ASCO and seven other oncology organizations held a Capitol Hill briefing in July and explained to nearly 200 members of Congress and their staffs how widespread cancer drug shortages are creating “a crisis in care.”
According to the University of Utah Drug Information Service, the number of drug shortages has tripled between January 2006 and December 2010. Last year there were over 211 medications in short supply affecting numerous classes, including chemotherapy drugs, antibiotics, and anesthetic drugs.
At the briefing, ASCO President Michael P. Link MD, explained how 2011 could be the worst year since the problem has been tracked. “Through the middle of June, there are already 156 new drug shortages. If this trend holds through the rest of the year we must brace ourselves for more than 300 new cases.”
Dr. Link outlined the many consequences shortages have on cancer patients and oncology practices including treatment delays, less effective or no workaround therapies, patient anxiety, the time and expense practices waste on finding supply, the adverse effect on ongoing clinical trials, and a price markup that increases the cost of care.
Many in the oncology community, including ASCO, are backing two Congressional bills introduced this year for provisions that are important first steps in addressing this complex issue.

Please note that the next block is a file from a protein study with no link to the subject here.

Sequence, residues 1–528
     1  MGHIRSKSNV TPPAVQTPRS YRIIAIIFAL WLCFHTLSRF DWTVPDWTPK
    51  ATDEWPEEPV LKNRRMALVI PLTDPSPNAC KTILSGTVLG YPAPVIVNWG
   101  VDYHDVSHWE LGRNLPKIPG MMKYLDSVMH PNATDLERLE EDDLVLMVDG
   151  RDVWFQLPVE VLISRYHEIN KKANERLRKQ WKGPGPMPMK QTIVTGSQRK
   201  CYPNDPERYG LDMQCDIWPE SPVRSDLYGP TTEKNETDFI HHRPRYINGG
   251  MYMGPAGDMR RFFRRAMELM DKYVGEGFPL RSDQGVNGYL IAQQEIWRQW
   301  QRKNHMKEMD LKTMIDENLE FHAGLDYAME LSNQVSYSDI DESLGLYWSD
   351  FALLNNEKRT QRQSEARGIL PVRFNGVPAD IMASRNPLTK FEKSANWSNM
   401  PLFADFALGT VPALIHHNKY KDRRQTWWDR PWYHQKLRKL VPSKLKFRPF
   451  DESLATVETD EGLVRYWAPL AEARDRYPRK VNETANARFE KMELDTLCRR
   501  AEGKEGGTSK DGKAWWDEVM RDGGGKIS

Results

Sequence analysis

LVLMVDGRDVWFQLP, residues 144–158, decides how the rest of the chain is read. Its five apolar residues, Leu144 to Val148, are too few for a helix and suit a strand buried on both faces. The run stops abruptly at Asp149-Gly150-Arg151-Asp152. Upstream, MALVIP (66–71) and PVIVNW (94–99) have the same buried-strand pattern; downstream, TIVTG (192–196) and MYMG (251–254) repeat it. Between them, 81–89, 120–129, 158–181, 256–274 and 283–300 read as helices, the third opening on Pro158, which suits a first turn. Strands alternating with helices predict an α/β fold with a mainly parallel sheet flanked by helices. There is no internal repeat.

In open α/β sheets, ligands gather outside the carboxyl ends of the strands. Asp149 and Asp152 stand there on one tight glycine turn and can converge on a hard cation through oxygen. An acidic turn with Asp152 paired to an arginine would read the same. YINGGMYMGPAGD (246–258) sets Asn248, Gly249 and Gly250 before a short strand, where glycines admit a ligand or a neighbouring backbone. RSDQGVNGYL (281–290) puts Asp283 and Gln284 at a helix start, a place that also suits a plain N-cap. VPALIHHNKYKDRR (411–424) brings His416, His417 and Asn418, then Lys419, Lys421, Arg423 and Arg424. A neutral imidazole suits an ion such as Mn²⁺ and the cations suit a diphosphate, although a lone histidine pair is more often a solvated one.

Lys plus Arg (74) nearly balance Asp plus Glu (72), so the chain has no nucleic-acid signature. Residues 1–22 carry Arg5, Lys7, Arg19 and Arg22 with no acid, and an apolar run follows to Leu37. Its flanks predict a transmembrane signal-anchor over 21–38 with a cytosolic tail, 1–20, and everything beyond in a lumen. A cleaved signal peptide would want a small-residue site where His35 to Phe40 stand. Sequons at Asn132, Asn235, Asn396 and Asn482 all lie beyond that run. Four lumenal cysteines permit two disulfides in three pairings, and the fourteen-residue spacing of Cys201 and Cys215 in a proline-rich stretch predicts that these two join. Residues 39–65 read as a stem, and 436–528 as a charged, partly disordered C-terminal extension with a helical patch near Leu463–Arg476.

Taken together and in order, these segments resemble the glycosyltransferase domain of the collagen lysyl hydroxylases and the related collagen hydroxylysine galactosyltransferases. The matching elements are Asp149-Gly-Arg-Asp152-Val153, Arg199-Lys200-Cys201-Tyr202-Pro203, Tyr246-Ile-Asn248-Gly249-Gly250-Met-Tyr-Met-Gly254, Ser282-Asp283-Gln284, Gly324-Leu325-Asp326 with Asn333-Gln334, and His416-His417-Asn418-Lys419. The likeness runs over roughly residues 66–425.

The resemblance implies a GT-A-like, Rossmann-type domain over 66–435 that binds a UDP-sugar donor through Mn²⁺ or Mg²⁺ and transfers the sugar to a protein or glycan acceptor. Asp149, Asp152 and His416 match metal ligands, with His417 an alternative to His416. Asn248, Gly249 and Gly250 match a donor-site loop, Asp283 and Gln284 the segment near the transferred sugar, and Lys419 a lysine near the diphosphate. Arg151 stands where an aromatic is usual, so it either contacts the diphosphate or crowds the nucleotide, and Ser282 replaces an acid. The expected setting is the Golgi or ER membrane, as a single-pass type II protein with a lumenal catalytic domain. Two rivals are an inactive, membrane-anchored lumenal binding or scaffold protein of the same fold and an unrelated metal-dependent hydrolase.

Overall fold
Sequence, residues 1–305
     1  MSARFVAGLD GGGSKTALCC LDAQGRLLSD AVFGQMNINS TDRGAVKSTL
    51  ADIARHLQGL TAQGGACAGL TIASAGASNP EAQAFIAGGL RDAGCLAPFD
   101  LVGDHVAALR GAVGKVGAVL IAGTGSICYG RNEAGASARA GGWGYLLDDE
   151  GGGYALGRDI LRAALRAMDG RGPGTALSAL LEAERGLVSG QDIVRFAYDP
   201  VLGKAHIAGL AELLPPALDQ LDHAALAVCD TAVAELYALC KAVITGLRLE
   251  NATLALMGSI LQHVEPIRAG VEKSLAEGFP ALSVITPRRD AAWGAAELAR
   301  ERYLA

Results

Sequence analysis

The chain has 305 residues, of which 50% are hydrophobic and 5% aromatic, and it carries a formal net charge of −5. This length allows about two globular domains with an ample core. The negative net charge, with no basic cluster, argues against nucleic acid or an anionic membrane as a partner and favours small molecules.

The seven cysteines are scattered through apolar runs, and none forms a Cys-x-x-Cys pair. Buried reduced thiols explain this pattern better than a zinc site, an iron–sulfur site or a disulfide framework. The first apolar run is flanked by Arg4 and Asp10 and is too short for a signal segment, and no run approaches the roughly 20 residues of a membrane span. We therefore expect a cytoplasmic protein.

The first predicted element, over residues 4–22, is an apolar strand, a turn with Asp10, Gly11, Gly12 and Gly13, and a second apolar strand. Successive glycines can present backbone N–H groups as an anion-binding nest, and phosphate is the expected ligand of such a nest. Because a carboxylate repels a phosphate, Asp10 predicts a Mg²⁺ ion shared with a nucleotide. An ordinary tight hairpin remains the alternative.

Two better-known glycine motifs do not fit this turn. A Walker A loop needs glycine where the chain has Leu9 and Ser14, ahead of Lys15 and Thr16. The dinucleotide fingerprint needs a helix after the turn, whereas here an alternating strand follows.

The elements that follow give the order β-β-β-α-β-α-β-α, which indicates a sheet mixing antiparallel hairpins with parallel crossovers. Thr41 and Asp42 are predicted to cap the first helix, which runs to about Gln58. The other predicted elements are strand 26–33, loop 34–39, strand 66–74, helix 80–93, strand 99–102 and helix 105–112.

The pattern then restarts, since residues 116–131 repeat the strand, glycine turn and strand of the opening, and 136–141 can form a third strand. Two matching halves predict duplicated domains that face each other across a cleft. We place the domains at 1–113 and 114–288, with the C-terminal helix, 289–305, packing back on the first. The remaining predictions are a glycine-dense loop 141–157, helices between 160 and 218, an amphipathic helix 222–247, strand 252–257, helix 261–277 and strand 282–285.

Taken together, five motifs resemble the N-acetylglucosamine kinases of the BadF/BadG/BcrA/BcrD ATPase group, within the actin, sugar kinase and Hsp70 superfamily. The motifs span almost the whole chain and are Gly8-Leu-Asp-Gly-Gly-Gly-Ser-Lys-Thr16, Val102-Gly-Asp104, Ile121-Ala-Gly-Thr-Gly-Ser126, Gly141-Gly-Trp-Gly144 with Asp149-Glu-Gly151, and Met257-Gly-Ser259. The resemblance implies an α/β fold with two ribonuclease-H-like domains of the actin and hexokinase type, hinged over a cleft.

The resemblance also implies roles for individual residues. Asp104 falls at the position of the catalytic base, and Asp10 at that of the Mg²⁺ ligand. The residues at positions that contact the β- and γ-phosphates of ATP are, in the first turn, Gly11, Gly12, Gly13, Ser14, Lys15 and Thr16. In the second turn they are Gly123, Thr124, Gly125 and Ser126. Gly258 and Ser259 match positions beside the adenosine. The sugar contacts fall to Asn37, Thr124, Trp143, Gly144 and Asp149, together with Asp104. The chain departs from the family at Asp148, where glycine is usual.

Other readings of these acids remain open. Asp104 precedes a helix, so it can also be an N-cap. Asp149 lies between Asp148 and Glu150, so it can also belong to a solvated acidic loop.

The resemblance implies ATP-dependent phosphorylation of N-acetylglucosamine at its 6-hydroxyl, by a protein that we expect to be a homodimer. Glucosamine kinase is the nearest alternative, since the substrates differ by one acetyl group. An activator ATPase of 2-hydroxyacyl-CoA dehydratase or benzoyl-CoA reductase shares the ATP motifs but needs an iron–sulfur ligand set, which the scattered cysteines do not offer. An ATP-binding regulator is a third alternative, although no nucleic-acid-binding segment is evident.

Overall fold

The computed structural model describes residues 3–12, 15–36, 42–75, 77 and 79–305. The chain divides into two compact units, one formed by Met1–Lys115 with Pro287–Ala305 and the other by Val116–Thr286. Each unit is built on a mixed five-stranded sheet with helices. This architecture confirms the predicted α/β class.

The Preserving Access to Life-Saving Medications Act, introduced in February by Senators Amy Klobuchar (D-Minn) and Robert Casey (D-Pa), contains some of the recommendations from the November 2010 Drug Shortages Summit co-convened by ASCO.
In June, Representatives Tom Rooney (R-Fla) and Diana DeGette (D-Colo) introduced HR 2245, which provides the FDA with enhanced authority to require notification from manufacturers expecting a disruption in their usual supply of drugs.
Briefing participants included ASCO, Association of Community Cancer Centers, Association of Oncology Social Work, American Society of Health System Pharmacists, Community Oncology Alliance, Leukemia & Lymphoma Society, Oncology Nursing Society, Children’s Cause for Cancer Advocacy, and US Oncology. ■
© 2011. American Society of Clinical Oncology. All rights reserved.